Sep 12, 2011


By: Amy Atlas, in Amy's Latest

Zach affixing his “We Remember 911” ribbon to the Ribbon of Remembrance Exhibit by Ground Zero.  Scroll down to see more pictures of the the site on the Anniversary.

I received a lot of emails and facebook posts yesterday from readers telling me they wished they were in New York yesterday for the 10 year anniversary.  Because of that, I thought I’d share a little of what New York City was like for us yesterday.  I sometimes struggle with the decision of whether to share these personal moments {to maintain my family’s privacy} and whether this blog is the right platform, but I felt the need to express what I was feeling yesterday on here.

The lump in my throat yesterday felt enormous.  Yes, living in New York City through the ten years and knowing people who perished on 9/11 is enough to do that.  But there was something about yesterday that felt bigger than that to me. After catastrophic events like 9/11, there are milestones like the 1 year, 10 year, 25 year milestones, etc.  To me, it seemed like yesterday was still raw enough for our city (and country), yet I felt like the next milestone will no doubt feel more removed.  I saw many tweets from young adults who remember being in 5th grade science class or art class when the first plane hit.  The next big milestone will be a lot different. There will be a lot more people who will not remember where they were because they weren’t born yet. This filled me with sadness.  How do you keep the importance of the day relevant for the next generation?  How do you keep the legacies alive of those who perished?  I have to admit that when Memorial Day Weekend or Veteran’s Day approaches, I’m thinking about a day “off” or a way to entertain.  Often, when you are very far removed from an historic event, it is hard to understand the loss. I felt guilty about how I perceive those holidays yesterday.

I also felt helpless about how my own kids will perceive 9/11.  They won’t remember “where they were” because they weren’t even born yet.  It wasn’t the tragedy of their generation. The same way that JFK’s assassination wasn’t mine.  I know I mentioned on Friday it would be a bittersweet weekend because Zach’s birthday is 9/11.  At one point yesterday after lots of cake and golfing, we gave our son Zach a choice and asked him if he wanted to visit the memorial site on his 7th birthday or wait for another day.  Since he has known about it and was interested, he said yes.  This warmed my heart.  He knew from us that the 10 year mark was a very important day.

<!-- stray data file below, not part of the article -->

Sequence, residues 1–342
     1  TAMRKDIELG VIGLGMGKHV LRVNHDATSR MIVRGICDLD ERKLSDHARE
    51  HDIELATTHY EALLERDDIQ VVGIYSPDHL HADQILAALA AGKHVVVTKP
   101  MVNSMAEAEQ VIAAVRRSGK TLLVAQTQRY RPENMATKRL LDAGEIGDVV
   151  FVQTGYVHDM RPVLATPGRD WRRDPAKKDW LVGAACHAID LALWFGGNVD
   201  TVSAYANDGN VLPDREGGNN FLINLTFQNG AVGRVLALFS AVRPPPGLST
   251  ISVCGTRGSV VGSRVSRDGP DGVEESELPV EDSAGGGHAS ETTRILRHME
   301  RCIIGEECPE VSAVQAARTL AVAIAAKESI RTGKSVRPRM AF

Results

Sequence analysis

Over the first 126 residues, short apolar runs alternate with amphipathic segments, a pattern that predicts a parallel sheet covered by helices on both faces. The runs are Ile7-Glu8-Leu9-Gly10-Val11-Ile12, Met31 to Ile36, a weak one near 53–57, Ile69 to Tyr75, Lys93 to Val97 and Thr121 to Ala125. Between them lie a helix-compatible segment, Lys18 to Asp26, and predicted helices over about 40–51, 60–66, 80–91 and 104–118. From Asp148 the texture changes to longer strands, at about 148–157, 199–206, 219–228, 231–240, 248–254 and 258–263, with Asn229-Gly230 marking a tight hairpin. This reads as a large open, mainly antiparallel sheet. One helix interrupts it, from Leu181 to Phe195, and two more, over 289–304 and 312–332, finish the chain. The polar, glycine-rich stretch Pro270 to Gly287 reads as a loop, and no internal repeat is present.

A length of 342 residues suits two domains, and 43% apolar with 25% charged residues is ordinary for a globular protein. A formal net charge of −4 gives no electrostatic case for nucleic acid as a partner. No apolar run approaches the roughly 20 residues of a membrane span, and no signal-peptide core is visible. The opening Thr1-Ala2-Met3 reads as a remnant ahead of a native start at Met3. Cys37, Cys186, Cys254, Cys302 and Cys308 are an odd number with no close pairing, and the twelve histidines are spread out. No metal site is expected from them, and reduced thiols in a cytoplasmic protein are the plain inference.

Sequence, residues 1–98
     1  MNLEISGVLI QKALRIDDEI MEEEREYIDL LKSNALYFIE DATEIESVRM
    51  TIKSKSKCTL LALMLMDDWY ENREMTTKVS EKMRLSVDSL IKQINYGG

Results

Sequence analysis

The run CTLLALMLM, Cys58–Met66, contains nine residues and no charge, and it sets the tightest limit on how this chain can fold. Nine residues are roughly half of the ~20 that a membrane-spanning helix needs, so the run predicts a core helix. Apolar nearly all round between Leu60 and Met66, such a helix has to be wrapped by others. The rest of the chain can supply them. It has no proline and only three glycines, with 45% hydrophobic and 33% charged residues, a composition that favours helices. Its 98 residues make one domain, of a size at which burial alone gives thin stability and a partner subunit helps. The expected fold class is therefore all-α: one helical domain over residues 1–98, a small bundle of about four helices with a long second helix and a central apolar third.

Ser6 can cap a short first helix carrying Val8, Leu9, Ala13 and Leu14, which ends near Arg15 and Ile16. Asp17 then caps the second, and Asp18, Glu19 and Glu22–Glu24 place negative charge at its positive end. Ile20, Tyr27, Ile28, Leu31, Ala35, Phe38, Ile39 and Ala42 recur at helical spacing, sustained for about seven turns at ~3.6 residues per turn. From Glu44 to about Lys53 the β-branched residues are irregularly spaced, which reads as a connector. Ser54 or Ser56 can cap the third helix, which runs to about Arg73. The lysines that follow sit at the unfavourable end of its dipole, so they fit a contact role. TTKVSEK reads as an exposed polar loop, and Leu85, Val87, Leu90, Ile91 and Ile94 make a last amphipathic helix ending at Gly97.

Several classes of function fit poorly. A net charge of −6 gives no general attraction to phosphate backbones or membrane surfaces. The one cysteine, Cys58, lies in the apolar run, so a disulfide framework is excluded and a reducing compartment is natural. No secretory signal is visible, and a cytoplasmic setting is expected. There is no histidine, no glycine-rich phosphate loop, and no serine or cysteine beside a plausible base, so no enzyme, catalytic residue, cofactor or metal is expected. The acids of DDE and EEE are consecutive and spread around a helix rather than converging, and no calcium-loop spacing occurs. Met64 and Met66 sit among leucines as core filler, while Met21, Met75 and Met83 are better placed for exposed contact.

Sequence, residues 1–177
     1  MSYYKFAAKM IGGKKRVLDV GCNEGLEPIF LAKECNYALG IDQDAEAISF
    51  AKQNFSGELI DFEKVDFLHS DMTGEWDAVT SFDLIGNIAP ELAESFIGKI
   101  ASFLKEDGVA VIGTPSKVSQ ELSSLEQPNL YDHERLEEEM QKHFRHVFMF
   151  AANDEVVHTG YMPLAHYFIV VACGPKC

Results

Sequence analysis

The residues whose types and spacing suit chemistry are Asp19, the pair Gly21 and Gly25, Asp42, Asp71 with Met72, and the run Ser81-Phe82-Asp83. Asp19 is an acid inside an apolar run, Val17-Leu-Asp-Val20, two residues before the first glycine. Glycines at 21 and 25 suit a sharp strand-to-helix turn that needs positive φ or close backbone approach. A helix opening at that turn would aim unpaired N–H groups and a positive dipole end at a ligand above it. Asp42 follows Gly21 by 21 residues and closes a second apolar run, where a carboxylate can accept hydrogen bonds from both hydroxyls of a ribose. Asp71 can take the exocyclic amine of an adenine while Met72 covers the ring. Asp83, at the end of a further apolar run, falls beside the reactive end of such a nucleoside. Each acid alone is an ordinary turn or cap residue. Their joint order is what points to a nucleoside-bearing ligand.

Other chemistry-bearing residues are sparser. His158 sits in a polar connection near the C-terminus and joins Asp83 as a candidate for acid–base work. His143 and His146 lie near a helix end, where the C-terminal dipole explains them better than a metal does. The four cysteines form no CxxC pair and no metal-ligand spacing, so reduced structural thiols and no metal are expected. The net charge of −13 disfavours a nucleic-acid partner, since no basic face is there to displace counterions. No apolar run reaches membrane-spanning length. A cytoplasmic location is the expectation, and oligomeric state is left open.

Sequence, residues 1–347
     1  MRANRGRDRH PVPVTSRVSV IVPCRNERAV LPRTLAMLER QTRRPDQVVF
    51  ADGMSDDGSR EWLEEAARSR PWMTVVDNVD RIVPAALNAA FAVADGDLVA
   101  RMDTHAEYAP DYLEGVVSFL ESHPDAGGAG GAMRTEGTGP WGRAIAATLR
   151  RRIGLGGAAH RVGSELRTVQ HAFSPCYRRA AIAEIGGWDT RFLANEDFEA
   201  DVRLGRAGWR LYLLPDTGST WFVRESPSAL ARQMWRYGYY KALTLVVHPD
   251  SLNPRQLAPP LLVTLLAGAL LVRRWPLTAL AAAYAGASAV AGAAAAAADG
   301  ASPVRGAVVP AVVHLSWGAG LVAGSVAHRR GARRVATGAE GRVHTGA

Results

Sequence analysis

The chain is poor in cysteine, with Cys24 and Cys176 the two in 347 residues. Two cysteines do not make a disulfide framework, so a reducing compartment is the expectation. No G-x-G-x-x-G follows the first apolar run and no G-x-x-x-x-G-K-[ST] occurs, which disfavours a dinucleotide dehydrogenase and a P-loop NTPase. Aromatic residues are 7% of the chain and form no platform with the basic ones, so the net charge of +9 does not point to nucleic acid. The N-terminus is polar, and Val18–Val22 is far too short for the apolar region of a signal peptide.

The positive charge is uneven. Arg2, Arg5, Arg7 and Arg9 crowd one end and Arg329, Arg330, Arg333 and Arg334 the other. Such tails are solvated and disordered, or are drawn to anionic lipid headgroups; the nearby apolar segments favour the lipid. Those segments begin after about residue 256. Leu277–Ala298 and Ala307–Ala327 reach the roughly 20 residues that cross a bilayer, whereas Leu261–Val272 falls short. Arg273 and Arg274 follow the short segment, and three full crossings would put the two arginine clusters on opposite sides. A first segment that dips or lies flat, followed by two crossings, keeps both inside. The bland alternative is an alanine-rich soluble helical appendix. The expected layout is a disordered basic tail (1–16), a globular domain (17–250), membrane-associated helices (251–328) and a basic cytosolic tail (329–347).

Down by the site, the mood was somber; the sky was ominous; but one thing was very real and uplifting. There were people who were banded together by this one event.  New Yorkers.  Americans.  People all around the world.  We were all touched.  Law enforcement officials were everywhere and we all felt proud to have them around us.

I was so proud when Zach wrote “We Remember 911” on a ribbon and hung it on the Ribbon of Remembrance Exhibit at St. Paul’s Chapel.  He decided what he wanted to write himself and hung it with such precision.  I wasn’t the only one whose eyes were filled with tears.  There were many onlookers who were choked up as well.  At that moment, I felt Zach was able to feel a connection to this event, even though he wasn’t alive when it happened.  I think yesterday will be his memory of “where he was” on the 10th Anniversary.

How will you continue to remember and honor the people who lost their lives on 9/11?

PS – I’ll get back to regular posts.  I just needed to share this with you all.

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